After heavy losses late in the European session on Wednesday, oil prices recovered some ground on Thursday as risk appetite stabilised, although supply concerns continued to limit buying interest.
The EIA inventories data recorded a draw in inventories of 1.0 million barrels for the latest week which was slightly lower than consensus forecasts of a 1.2 million decline.
There was a build in gasoline inventories which dampened confidence amid concerns that refinery runs could come under renewed pressure. US crude production continued to increase with a gain of close to 10% from levels seen in mid-2016, although the rate of increase was slower than the previous few weeks.
Oil prices were resilient in an immediate reaction to the data before dipping lower. Selling pressure intensified late in the European session with prices falling sharply. A more defensive tone surrounding commodity prices was a significant influence in undermining energy prices as long positions were liquidated.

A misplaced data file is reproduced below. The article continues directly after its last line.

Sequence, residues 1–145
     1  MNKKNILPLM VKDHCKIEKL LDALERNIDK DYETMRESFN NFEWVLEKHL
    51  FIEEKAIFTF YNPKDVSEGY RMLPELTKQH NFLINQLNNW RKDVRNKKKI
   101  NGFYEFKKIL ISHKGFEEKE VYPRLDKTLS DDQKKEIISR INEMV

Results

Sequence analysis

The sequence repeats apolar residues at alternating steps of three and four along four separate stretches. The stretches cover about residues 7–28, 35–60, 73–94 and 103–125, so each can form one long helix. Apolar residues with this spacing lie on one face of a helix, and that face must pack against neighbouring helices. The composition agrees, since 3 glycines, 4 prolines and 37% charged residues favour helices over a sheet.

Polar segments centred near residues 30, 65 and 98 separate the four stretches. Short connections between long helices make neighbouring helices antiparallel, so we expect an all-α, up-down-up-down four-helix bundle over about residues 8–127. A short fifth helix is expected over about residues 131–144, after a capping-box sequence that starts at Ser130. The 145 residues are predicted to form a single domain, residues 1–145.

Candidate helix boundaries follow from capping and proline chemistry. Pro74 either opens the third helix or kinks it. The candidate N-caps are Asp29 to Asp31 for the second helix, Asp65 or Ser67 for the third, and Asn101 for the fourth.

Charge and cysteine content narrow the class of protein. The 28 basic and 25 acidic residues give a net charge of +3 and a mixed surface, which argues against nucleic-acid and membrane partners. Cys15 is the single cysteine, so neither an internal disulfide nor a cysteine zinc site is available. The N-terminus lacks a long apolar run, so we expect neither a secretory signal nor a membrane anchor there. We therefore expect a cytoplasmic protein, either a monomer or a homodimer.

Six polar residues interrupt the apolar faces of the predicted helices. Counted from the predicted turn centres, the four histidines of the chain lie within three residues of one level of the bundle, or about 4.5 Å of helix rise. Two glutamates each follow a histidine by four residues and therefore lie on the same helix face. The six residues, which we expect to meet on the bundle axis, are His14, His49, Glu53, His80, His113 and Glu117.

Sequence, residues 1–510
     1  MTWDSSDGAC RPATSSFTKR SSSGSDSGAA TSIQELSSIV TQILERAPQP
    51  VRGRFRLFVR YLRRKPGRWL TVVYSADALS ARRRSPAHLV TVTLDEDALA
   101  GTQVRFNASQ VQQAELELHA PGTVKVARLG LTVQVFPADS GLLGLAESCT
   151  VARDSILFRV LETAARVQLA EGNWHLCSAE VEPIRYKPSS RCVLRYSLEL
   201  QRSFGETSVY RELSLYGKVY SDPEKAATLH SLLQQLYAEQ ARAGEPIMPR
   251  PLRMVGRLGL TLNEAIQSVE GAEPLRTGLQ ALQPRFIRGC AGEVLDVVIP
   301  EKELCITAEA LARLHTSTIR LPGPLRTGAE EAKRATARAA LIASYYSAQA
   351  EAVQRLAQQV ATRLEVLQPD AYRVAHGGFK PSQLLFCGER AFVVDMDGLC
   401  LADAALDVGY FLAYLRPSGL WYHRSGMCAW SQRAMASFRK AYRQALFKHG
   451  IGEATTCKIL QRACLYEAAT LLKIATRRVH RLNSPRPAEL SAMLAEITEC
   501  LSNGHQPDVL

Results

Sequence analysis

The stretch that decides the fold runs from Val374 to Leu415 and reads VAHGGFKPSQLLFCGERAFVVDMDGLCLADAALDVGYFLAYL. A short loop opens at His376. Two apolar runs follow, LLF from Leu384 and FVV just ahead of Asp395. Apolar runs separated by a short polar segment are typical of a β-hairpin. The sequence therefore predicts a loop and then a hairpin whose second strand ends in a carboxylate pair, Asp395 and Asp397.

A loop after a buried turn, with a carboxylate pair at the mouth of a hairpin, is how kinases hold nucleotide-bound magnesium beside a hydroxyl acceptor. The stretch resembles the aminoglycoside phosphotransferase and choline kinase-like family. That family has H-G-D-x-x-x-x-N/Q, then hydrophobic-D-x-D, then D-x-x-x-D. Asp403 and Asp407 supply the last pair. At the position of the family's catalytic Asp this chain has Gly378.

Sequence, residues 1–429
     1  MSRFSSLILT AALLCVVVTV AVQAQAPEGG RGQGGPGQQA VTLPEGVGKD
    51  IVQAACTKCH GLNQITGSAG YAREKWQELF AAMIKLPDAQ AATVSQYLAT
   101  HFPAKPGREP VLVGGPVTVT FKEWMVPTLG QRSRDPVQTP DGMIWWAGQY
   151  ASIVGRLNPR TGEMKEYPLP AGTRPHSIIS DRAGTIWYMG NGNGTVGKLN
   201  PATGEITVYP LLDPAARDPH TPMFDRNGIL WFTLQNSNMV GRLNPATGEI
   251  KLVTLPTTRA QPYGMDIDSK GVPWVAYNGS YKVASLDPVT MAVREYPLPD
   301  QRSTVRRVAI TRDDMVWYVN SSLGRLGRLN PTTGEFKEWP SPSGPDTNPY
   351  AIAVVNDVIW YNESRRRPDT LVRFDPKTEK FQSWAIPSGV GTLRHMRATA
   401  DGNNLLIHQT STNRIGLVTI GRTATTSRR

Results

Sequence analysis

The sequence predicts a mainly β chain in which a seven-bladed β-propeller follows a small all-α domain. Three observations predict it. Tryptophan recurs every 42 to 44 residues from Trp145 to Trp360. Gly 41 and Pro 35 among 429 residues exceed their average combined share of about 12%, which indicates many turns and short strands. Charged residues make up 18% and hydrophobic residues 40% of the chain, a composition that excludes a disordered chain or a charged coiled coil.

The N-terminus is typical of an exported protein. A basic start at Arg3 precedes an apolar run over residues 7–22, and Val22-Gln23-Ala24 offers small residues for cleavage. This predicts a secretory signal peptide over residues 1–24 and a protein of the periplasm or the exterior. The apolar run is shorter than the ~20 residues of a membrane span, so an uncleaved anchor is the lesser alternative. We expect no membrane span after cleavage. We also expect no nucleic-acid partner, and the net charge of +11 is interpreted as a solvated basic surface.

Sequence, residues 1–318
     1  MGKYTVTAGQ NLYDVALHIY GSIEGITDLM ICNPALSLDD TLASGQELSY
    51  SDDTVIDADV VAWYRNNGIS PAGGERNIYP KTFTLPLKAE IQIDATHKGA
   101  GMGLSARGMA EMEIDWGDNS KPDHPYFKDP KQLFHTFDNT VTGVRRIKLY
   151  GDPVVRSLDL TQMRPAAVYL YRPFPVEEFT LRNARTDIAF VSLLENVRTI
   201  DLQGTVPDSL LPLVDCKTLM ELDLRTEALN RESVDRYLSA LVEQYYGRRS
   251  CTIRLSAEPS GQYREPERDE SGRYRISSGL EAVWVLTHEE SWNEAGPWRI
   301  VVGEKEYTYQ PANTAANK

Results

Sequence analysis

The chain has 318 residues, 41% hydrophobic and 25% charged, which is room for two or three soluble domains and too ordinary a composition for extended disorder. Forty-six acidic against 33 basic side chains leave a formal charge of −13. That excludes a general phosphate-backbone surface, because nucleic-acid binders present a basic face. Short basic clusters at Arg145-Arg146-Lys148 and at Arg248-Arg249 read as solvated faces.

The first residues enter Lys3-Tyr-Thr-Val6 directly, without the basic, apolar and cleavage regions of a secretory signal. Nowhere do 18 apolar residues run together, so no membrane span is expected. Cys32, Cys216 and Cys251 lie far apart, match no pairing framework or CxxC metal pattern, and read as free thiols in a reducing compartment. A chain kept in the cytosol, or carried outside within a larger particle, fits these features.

Overall, WTI retreated sharply to lows near $50.10 p/b while Brent retreated to near $53.00.
The latest Chinese data recorded increased gasoline exports with a 2.5% annual gain for March to the highest level since April 2014. The increase in exports increased concerns over excess global supply and could also undermine potential crude demand over the next few months, especially if China is forced to curb output.
Oil prices did, however, gain some net support from a stabilisation in risk conditions with WTI edging above the $51.00 level in early Europe.
There was also some vague optimism that OPEC would extend production cuts following rhetoric by Kuwait and Saudi Arabian officials, although sentiment remained cautious.
Overall, June WTI futures advanced to near $51.30 p/b at the US open with June Brent futures close to $53.40.
Wider trends in risk appetite will continue to have a significant impact on prices in the short term with OPEC commentary also monitored closely.